London house prices jumped at the end of last year, with average values breaking the £500,000 threshold for the first time.
Average house prices in London rose four per cent between October and November last year, according to the latest official data.
The annual price rise of 9.7 per cent took the average property value in the capital to £513,997.
Experts said the rise was driven by the return of international buyers racing to beat the additional tax due to be introduced this year.
It was also boosted by house hunters aiming to complete transactions before the stamp duty holiday deadline in March.
PwC economist Jamie Durham said: “The stamp duty holiday is a particular benefit in London and is likely to have played a significant part in this strong price growth, as the higher average house prices means that more stamp duty is typically due.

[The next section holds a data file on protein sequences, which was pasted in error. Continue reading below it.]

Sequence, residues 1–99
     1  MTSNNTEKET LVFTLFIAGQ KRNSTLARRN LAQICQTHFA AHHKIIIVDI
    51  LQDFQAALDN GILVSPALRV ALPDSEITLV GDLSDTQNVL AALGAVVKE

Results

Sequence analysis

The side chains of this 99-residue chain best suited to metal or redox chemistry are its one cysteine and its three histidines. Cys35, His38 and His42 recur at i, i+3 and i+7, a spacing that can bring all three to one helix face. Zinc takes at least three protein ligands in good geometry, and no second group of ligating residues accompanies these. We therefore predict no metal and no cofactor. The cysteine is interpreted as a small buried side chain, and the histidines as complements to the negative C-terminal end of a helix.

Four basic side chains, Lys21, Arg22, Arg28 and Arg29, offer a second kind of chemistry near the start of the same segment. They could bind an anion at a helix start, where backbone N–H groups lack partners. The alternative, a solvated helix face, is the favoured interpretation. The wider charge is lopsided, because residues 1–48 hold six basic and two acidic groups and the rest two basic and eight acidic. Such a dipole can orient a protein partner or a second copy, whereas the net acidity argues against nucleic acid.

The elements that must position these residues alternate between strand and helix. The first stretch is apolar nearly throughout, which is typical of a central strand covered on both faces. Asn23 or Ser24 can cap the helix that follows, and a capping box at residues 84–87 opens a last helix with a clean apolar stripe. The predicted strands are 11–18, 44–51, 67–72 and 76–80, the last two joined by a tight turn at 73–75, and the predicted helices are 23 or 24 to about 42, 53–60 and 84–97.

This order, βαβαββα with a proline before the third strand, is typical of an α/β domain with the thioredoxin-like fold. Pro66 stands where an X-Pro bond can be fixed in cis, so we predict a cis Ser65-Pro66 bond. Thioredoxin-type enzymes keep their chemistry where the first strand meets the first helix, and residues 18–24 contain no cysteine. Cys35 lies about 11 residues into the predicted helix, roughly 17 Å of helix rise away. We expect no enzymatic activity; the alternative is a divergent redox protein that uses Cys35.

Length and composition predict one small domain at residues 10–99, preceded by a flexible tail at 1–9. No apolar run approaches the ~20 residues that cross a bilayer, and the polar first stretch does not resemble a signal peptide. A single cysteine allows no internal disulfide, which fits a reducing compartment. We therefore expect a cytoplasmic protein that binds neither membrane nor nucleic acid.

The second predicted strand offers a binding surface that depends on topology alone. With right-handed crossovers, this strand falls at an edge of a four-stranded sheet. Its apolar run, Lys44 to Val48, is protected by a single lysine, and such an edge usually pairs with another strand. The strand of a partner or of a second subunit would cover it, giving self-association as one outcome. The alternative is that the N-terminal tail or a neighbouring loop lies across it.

“Despite a weak economy and the considerable impact of Covid-19, this data shows that the housing market has continued to perform strongly, buoyed by the stamp duty holiday, pent up demand and preference changes brought about by the pandemic.”
UK house prices jumped 7.6 per cent annually to £249,633, with a monthly increase of 1.2 per cent.
Ross Counsell, director at Good Move, said: “We can put this growth down to the influx of people looking to buy property in 2020, both before the end of the Stamp Duty Holiday in March, and due to many people simply looking for more spacious properties, particularly in rural locations, during lockdown.
“Mortgage approvals too are at an all-time 13 year high, and with such high demand for properties and mortgages, naturally comes higher average house prices.”